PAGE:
So first things first: I chucked a 3/4 straight cut bit into my router. I then set my fence (a straight, smooth piece of mdf) so that is was 3 1/8" to the outside of my bit. I then used a small scrap of 1/2" mdf as a spacer and double checked that this give me a gap of 2" between my fence and the inside of my router bit. This setup makes it possible to run the piece twice to get my 1 1/8" groove without having to move the fence. Next, I butted the piece up against the fence and the bit. On the end I measured out 2 1/2" and screwed down a stop block. This makes sure I stop the piece accurately each time. Lastly I set the height of the bit to 3/16". My final height will be 3/8" but i decided to do it in two passes.

Turn on the router and run the piece until you hit the stop block. Turn off the router and wait till the bit stops spinning. Remove the spacer and run it again until you hit the stop block. Turn off the router. Once the bit stops spinning raise the height to your final depth of cut. Run the piece again, with and without the spacer. That is the thin piece done.

Place your two pieces together and transcribe the lines from the thin piece to the thick one. Using a sliding T- square extend those lines. Then draw one in the exact center between those two lines. I was using an 1 1/4" forstner bit for the next step so i drew line 5/8" + 1/4" from the edge. The 1/4" is so that the hole is somewhat hidden when it is all together.

At the drill press i used those center lines to drill the first hole. I then moved the piece over slightly and drilled another hole that was partially staggered with the previous one. This next step is purely optional but i happened to have the tool. I place the piece on my oscillating spindle sander and smoothed the two holes into a slot. That is the thick piece finished.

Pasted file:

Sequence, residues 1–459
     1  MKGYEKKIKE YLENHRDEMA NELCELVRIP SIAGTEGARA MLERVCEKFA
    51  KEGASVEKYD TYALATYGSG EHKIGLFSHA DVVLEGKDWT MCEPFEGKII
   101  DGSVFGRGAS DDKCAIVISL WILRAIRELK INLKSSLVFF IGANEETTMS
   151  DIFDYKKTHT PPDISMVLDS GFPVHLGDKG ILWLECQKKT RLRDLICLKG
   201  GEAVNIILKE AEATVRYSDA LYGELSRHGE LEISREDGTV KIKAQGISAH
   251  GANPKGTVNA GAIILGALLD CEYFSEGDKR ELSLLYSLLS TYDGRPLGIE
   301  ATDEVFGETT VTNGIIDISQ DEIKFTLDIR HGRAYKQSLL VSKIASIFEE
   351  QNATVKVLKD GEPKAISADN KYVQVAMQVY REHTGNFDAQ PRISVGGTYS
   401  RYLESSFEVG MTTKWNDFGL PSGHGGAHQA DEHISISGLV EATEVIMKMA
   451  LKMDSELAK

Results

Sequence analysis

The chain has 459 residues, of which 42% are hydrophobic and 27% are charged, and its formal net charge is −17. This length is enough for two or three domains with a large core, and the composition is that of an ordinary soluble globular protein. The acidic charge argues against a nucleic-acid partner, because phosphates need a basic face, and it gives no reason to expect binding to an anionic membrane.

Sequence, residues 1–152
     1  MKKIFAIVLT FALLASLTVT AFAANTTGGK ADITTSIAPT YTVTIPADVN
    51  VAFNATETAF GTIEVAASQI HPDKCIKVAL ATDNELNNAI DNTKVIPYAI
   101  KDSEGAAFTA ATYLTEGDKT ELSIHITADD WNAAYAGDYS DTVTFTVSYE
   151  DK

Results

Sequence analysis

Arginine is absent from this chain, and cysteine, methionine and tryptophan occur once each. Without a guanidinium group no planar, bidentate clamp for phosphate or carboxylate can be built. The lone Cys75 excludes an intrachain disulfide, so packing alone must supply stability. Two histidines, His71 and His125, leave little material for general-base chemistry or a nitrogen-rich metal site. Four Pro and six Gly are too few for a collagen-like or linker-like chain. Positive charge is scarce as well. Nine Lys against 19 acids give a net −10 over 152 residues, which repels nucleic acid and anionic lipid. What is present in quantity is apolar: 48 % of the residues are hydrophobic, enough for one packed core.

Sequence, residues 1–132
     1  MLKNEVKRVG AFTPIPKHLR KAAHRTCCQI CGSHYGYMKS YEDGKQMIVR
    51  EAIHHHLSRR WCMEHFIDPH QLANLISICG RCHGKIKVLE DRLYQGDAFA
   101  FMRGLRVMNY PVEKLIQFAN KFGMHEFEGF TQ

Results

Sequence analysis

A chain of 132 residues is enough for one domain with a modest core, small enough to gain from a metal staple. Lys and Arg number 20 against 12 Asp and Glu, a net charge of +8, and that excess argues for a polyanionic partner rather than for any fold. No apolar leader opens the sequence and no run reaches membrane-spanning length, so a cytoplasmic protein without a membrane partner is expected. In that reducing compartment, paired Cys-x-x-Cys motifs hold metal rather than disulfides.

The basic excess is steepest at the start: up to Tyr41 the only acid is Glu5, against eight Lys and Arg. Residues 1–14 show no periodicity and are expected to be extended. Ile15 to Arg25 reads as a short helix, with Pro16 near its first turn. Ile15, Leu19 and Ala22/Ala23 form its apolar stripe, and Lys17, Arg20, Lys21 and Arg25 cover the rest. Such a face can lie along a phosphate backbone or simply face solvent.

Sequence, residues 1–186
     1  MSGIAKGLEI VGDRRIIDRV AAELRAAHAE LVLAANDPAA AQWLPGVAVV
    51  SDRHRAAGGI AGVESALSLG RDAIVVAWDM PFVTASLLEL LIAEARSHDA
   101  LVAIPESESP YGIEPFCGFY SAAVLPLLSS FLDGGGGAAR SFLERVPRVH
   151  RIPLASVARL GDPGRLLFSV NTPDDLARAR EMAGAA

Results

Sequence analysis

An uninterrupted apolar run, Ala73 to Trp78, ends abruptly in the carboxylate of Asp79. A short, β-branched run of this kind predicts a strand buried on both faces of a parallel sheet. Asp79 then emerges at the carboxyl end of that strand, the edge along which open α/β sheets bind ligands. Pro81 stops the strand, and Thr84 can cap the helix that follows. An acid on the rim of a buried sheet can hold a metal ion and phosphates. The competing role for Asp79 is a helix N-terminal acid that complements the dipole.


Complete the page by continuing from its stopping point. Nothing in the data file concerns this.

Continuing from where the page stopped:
Step 7: Glue Up

We are in the home stretch! The next step is to glue it all back together. If you are lucky (a darker wood helps), you won't be able to tell that it was ever cut in half to begin with. It's fun when people have to scratch their heads a bit to figure out how you did something.

It is at this point that you will want to sand some pieces that will be difficult to reach later. Namely the good edge of your thick piece and the phone edge of your thin piece. I sanded with 120 grit using a machine wherever i could and 150 grit by hand. It was also at this stage that I chose to carve out a little notch to accommodate a button on the side of my phone.

Once you are done sanding, place the pieces together and scribe an extremely light line on the thick piece. This will help you know where to spread your glue and won't be seen in the final product.

Now just lay out your pieces and spread a thin layer of white glue. Stick the pieces together and add as many clamps as you can fit. Make sure not to over-tighten them or you may leave pock marks in your piece. This glue-up can be temperamental. The glue will make the pieces want to slide around. In order to combat this I left my piece extra long. After i had the glue on and everything lined up, I fired two brad nails into the end that I knew was going to be cut off so that the pieces wouldn't slide. I then applied my clamps. If you don't have a brad nailer you can achieve the same thing using a couple of screws. Pre drill and place in the the screws before you add the glue, that will help guide the screws back in place after the glue has been applied.